EU tightens sanctions following Syrian massacre


The EU’s High representative for Foreign Affairs, Catherine Ashton, announced toughened sanctions against Syria yesterday (1 August) in the wake of Sunday’s reported massacre in Hama and the regime's ongoing crackdown against protesters.

Syrian security forces yesterday renewed tank attacks on the city of Hama reportedly killing four after Sunday’s crackdown – described by activists as one of the bloodiest since the uprising against Assad began – left up to 130 dead in the city.

Western journalists are banned from Syria and rely on activists for testimony.

Ashton said that the EU had decided to impose further restrictive measures, in the form of an assets freeze and travel ban on five Syrian individuals associated with the violent repression.

A spokesman said that the list would be formally published tomorrow; it is almost certain to include President Bashar al-Assad, and influential henchmen such as his brother Maher – the chief of the Republican Guard – and Rami Makhlouf, his wealthy cousin.

In a statement Ashton urged the Syrian Government: “To address the EU's repeated calls for freedom of expression and freedom of  assembly, to release all political prisoners without further delay and institute a genuine and inclusive national dialogue.”

She welcomed the UN Security Council’s decision to hold an emergency session later today to address the issue, saying: “It is time for the Security Council to take a clear stand on the need to end the violence.”

Syrian claims ‘nonsense’ according to US envoy

The Syrian government claimed troops were sent to Hama on Sunday to remove barricades erected by the protesters. But an official at the US embassy in Damascus dismissed the claims as “nonsense”, saying the government had launched “full-on warfare” against its own people.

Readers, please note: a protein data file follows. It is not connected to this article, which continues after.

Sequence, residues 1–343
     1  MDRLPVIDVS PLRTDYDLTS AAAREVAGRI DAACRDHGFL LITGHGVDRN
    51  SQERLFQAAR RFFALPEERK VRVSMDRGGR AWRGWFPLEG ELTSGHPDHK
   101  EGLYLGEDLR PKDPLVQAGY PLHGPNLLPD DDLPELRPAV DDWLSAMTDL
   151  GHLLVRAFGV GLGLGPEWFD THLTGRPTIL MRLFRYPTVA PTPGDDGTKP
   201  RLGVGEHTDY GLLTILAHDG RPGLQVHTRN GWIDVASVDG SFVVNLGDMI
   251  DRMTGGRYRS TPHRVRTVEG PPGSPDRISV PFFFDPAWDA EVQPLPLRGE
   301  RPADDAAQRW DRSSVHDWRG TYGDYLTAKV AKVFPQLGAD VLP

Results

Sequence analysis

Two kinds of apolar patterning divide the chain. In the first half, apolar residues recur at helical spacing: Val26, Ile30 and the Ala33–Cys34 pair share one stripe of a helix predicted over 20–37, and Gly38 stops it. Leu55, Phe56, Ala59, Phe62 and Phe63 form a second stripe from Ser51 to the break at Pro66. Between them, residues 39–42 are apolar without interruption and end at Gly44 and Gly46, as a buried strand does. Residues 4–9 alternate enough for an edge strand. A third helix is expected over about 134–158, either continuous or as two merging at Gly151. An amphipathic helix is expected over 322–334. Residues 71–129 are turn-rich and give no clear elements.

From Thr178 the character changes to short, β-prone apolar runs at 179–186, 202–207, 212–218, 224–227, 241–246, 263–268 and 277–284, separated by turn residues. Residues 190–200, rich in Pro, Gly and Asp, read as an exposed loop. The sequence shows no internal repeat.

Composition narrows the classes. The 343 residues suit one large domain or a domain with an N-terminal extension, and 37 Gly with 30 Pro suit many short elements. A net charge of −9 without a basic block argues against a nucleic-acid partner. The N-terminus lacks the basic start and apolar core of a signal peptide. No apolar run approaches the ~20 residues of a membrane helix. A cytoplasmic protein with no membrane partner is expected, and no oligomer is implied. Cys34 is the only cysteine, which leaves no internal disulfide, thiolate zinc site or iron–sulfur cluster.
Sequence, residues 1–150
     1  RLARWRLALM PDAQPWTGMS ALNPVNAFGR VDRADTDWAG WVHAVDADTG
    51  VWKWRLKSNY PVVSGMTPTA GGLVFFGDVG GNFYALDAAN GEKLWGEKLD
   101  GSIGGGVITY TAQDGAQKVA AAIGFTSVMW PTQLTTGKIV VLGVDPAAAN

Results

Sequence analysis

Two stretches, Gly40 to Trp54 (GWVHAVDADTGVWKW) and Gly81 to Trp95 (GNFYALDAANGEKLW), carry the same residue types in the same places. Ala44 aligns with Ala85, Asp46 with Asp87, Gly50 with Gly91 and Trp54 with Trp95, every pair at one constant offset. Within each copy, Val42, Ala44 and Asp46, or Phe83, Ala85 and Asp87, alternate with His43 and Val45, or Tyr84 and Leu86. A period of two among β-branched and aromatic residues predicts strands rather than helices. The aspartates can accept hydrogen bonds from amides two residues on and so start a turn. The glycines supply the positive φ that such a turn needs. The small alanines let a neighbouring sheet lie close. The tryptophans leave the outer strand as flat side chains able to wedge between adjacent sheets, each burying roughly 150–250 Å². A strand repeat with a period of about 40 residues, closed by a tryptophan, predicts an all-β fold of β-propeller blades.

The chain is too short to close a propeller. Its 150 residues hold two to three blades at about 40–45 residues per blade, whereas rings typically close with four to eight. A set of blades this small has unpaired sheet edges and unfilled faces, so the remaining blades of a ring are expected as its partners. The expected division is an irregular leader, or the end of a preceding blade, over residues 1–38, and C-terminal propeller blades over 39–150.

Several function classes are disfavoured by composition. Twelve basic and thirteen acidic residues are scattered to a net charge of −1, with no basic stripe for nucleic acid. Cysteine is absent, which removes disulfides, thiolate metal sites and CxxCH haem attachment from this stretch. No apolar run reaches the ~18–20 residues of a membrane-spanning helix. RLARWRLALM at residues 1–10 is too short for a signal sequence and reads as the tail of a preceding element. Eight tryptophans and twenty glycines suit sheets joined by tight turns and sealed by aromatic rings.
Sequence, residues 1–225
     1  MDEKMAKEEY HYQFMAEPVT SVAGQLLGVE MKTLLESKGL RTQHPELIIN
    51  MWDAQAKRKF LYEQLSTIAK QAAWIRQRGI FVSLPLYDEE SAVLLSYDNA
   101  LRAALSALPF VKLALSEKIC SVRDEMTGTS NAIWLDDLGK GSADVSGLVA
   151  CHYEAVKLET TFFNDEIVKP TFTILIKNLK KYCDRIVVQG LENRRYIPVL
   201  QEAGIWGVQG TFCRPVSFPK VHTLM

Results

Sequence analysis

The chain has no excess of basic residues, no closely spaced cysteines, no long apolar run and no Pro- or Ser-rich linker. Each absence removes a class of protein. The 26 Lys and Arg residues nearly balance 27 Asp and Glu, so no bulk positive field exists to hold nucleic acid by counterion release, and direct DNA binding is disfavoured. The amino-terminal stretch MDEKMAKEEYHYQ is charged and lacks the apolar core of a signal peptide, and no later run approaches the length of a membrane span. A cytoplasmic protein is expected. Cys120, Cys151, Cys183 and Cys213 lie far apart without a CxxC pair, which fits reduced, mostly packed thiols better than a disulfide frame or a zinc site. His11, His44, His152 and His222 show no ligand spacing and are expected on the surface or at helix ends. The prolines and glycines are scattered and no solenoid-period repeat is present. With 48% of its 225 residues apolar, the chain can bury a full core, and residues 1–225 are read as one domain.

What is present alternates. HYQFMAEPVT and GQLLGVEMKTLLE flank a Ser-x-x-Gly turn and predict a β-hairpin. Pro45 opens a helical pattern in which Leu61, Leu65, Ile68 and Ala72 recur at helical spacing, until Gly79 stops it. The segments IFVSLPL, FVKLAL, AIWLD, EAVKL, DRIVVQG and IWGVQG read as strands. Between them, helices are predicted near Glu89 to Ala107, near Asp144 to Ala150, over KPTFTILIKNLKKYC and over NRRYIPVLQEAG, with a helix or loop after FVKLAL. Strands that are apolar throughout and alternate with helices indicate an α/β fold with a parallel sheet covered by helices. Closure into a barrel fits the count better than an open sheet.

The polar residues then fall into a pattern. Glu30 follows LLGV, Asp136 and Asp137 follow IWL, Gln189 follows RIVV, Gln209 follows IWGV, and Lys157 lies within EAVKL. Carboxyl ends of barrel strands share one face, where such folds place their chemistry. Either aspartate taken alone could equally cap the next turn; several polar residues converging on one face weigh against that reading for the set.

US President Barack Obama described the reports from Hama as “horrifying”, whilst ministers from France and the UK separately condemned the violence, and Germany formally requested the United Nations’ emergency discussions in New York today.

The Syrian military pulled out of Hama a month ago, but remained on the outskirts, tightly controlling supplies to the city.

Town of al-Assad’s father’s crackdown on dissent

Hama is a symbolic centre of dissidence, since tens of thousands were killed there in 1982 when an uprising by the Sunni opposition Muslim Brotherhood was violently suppressed by former Syrian President Hafez al-Assad, Bashar’s father.

Although the 800,000-inhabitant city was slow to join in this year’s protests, it has become one of the main focuses of rebellion, witnessing some of the country’s biggest demonstrations and worst violence.

Tanks and troops re-entered Hama at dawn on Sunday, attacking civilians with shells and machine-gun fire, according to witnesses.

Hospitals complained of being overwhelmed by the numbers of dead and wounded, and activists and residents claimed that more than 100 people had been killed by the time the tanks left again at twilight.

The Syrian government claimed five soldiers, including a colonel, were killed in yesterday’s clashes throughout the whole country.

"I condemn the military invasion of Hama and of other cities in the strongest possible terms. The use of heavy weaponry and the indifferent killing of innocent civilians cannot be justified under any circumstances," said the President of the European Parliament, Jerzy Buzek.

He added: "The Syrian regime [...] will be held accountable for their deeds. The international community cannot tolerate another Hama like in 1982. The massacre must stop now and the regime has to start the transition of power,” said Buzek.

“On 18 July, EU Foreign Ministers declared that until the unacceptable violence against civilians stops and decisive progress is achieved towards fulfilling the legitimate aspirations of the Syrian people for a democratic transition, the EU will pursue its current  policy, including sanctions against those responsible for or associated with the violent repression,” said Catherine Ashton, EU High Representative for Foreign and Security Policy.